City considers district heating system

The city is reviving an idea to build a district heating system in Whitehorse. The idea was initially floated for the Whistle Bend subdivision but has since been shelved for the first two phases of development.

The city is reviving an idea to build a district heating system in Whitehorse.

The idea was initially floated for the Whistle Bend subdivision but has since been shelved for the first two phases of development. The city balked at the estimated $18-million cost of the proposed geoexchange system.

Now it is looking to build a district heating system in existing Whitehorse neighbourhoods.

Hospital Road, Lewes Boulevard and the downtown core are being considered for a district-heating system, said Whitehorse sustainability co-ordinator Shannon Clohosey on Wednesday.

Those areas have enough city and territorial buildings clustered together to hook together into an effective district heating system, she said.

The idea would be to power the buildings with bioenergy, using “wood pucks” burned in a centralized boiler.

That type of heating system can substantially reduce the amount of greenhouse gases city buildings emit, said Clohosey.

Currently, municipal buildings are responsible for spewing out 51 per cent of all greenhouse gases released by city departments.

But, once again, the only catch could be the cost.

The price of heating buildings hooked into a district heating system could rise by six per cent. The city would have to take on a $1.3-million deficit before the project begins to pay for itself, said Clohosey.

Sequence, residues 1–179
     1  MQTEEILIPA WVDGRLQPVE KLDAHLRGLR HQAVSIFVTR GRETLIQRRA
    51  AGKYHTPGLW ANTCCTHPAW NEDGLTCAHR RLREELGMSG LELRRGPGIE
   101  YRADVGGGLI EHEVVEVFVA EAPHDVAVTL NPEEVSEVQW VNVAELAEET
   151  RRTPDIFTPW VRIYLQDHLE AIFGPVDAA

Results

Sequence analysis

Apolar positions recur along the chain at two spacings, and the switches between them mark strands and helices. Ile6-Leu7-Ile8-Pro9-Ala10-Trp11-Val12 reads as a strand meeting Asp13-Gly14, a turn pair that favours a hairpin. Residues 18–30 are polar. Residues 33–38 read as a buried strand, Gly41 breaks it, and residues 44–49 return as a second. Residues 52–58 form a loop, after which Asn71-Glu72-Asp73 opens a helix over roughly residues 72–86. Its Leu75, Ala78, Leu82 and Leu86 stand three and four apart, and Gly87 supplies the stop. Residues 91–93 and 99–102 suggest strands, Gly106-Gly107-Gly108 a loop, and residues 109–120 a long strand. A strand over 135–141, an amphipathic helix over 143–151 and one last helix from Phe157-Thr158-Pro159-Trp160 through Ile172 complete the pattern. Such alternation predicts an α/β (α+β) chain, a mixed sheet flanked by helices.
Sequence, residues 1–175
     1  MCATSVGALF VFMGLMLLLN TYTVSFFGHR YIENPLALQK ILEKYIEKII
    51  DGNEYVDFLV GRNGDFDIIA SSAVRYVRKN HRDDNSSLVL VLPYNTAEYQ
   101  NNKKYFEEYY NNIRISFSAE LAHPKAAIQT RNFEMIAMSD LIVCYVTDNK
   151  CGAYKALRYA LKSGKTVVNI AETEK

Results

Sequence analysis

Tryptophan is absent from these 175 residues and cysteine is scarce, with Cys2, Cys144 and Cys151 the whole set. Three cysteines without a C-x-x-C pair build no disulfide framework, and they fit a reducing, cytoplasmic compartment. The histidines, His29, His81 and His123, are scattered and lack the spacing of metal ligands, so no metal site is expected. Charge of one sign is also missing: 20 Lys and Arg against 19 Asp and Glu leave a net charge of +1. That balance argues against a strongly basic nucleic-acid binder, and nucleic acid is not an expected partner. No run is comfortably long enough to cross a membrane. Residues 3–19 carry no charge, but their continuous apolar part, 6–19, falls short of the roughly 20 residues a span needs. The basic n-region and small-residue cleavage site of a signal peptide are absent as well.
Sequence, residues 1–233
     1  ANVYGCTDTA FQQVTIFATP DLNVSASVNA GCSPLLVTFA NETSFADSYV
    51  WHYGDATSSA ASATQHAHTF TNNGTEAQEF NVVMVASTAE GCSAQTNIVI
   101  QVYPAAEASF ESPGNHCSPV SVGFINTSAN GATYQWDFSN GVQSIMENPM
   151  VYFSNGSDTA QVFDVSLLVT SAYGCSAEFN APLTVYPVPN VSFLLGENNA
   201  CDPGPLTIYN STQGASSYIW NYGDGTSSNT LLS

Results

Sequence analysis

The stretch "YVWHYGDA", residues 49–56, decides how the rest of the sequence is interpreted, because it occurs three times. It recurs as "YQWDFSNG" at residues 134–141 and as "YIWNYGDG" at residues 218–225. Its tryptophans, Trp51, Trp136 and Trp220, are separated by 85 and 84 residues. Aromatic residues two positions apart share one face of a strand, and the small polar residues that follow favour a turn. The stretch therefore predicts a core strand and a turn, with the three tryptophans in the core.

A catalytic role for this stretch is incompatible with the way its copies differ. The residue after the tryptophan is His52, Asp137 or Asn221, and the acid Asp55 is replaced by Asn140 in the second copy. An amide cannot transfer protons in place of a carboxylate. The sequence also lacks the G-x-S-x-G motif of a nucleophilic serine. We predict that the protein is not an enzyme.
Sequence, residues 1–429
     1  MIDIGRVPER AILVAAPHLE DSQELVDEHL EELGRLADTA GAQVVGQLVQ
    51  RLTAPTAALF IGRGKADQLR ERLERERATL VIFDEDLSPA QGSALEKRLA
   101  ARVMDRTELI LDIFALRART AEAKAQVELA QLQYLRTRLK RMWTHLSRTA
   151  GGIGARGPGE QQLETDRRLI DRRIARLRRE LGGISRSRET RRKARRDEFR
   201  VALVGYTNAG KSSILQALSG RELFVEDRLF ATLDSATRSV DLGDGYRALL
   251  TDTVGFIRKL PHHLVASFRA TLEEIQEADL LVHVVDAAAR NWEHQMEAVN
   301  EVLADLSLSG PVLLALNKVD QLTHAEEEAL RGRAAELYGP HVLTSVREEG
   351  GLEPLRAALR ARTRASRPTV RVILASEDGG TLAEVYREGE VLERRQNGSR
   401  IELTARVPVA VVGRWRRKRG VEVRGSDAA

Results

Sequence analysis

That could take anywhere from four to 10 years.

However, the costs could be offset if nearby nongovernment buildings were to plug into the system.

“If we were to go ahead with this we would definitely approach hotels and other buildings in the zone to decrease that six per cent,” she said.

The city is only in the initial stages of studying the idea, she added.

Clohosey is working to rustle up money for more studies and estimates that could cost around $100,000.

“I really think there can be measurable cost savings that will make a payback on this $100,000,” she said.

Of course, this only holds if the studies aren’t immediately shelved as they were with phase one and two of the Whistle Bend subdivison.

In that instance, $240,000 was poured into a feasibility study. Its “preferred option” was to build a district heating system in Whistle Bend during phase one and two of the development, according to Alberta-based EBA Engineering.

The city is still considering implementing the technology in phase three and four of the subdivision, say city planners. However, that will require new feasibility studies.

Yellowknife is pushing ahead with a district heating system.

It plans to capture geothermal heat from the abandoned Con Mine lying underneath the city. Construction could start in 2012.

The project could cost upwards of $30 million, but would be developed to be competitive with oil prices, said Yellowknife energy co-ordinator Mark Henry in a report by the Northern News Service.

Contact Vivian Belik at

vivianb@yukon-news.com